One good footnote. The ARRSERS got it down to two stars with their campaign, but it’s crept its way up to three again. It started at five. If the ARRSERS read this, I guess it’ll plunge again…c’est a guerre!


HANG A HOODIE

My monthly blog for Authors Electric (http://authorselectric.blogspot.co.uk/)linked the problems of writing big violent thrillers with the problems of living in a big violent age. My starting point was Chris Grayling and Theresa May jumping on the traditional Tory law'n'order bandwagon at the annual conference. Their wonderfully quaint idea of solving Britain's crime problems is to allow householders to visit disproportionate violence on anyone who breaks (or even wanders) into their house, coupled with the idea that anyone transgressed against can choose the punishment to be visited on the perp. Neat, eh? Bloodbath follows...

It did spark a lively debate on the blogspot, though, which ranged through the problems of Amazon star ratings among other things. My book Killing Time at Catterick is coming under pretty sustained attack from people who don't think anyone should criticise 'our boys' with a series of fairly sub-literate comments, which have brought the overall ratings down with a bang.

Among the 'reverse comments' was this from John A.A.Logan, author of The Survival of Thomas Ford a dark, bleak and compulsive 'noir' thriller set in Scotland. He wrote:

I've seen the barrage on Amazon for Killing Time at Catterick.
I think it's just the same controversy you've faced down before. The group who disagree strongly with the book have found it first.
That powerful reaction is a sign that the book is strong medicine.
I know you just found out about the barrage this week too, and it will have been a shock.
But give this a month, or a year, time for others to find the book?
It could end up being a very interesting Amazon page indeed, as this almost "taboo" subject (especially in a time of active military deployment) is debated perhaps.
And you, after all, are still Jan-No-Stranger-To-Controversy-Needle!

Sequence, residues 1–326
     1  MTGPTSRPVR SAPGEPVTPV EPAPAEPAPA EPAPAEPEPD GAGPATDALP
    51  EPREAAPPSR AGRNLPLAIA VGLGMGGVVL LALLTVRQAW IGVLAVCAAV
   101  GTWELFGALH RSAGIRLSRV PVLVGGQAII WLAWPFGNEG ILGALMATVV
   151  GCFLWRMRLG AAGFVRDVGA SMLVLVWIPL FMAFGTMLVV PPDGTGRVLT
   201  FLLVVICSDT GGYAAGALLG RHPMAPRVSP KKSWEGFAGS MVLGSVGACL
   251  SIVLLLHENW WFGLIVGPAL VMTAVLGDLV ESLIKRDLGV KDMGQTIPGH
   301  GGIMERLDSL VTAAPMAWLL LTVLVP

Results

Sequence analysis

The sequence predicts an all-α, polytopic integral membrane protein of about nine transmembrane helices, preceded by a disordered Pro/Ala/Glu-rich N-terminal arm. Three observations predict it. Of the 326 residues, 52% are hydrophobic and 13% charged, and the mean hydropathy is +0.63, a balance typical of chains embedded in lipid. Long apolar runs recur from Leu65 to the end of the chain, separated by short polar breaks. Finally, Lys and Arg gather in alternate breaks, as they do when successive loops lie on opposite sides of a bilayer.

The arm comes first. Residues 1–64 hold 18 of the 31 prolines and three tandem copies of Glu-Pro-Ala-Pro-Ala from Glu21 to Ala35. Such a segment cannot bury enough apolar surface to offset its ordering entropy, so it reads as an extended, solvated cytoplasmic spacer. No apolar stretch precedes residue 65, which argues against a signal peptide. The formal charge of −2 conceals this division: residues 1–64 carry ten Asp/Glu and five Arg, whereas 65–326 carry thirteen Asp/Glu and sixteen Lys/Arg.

You must expect these adventures...

The point about active military deployment is particularly poignant in a week when another five British servicemen have been accused of murder. But as I responded to Mr Logan:

Well, I knew I was cruising for a bruising with that one [Killing Time at Catterick]. Even my main source made me promise I'd never reveal his name in case any of his former comrades wanted to engage in literary discussions about it! And the reaction on the 'squaddies website' AARSE when it was originally serialised on OpenDemocracy (and in the comments section after every episode) was amazing. Paintstripper with added nitric acid.

The Kindle star system is a bit painful sometimes, though, because the sound of axes being ground is probably invisible to people looking for a book to read. (Do I mean inaudible? Discuss.)

Another of my books has also suffered recently from negative reviews on Kindle, with a three star and a two star review offsetting the five star it got at first. Then, yesterday, this appeared, to lift my self confidence back off the floor:

By Neil Sydenham
Amazon Verified Purchase
When trying to evaluate a book, I'm not sure that's it's a very good approach to criticise it for not being what it doesn't set out to be. Nor does it help much to draw distinctions of value between prequels, sequels and re-presentations set in another century and in another society. Andrew Motion's sequel to Treasure Island does not compete with Silver and Blood: it is a different sort of book for a different purpose. In the same way William Horwood's sequel to Wind in the Willows is utterly different from and doesn't compete with Jan Needle's Wild Wood, his brilliantly retold and wickedly funny version of The Wind in the Willows from the Weasels' point of view, which also involves a searing comment on Edwardian society and thus, inevitably, our own. Stevenson was writing an adventure story for boys. That it has so many depths and insights, such ambiguous characters, such profound questions of conduct and morality is because he was a great writer and simply could not write at one level only. Such books have to be revisited. Needle has recreated Silver in all his doubtful glory and heightened both his evil and his saving magnanimity and that to me is a wonderful thing. He's seen and dramatised the grasping greed and hypocrisy of Livesey and Trelawney in a way which Victorian social restraints prevented Stevenson from doing, though he understands them perfectly well, and that's a perceptive comment in an age when at last such revelations about the ruling classes are possible. He's turned Jim from being a surprised, wide-eyed pawn in the game into a cynical, observant modern teenager. He's taken violence away from the romanticism of chasing up the ratlines with cutlasses drawn and turned it into the sordid business of AK7s and death both indiscriminate and bloody. In short, Needle has written a book for our times, a new and realistic look at a great classic, a comment on a whole genre and also a book with all the narrative drive of the great RLS himself.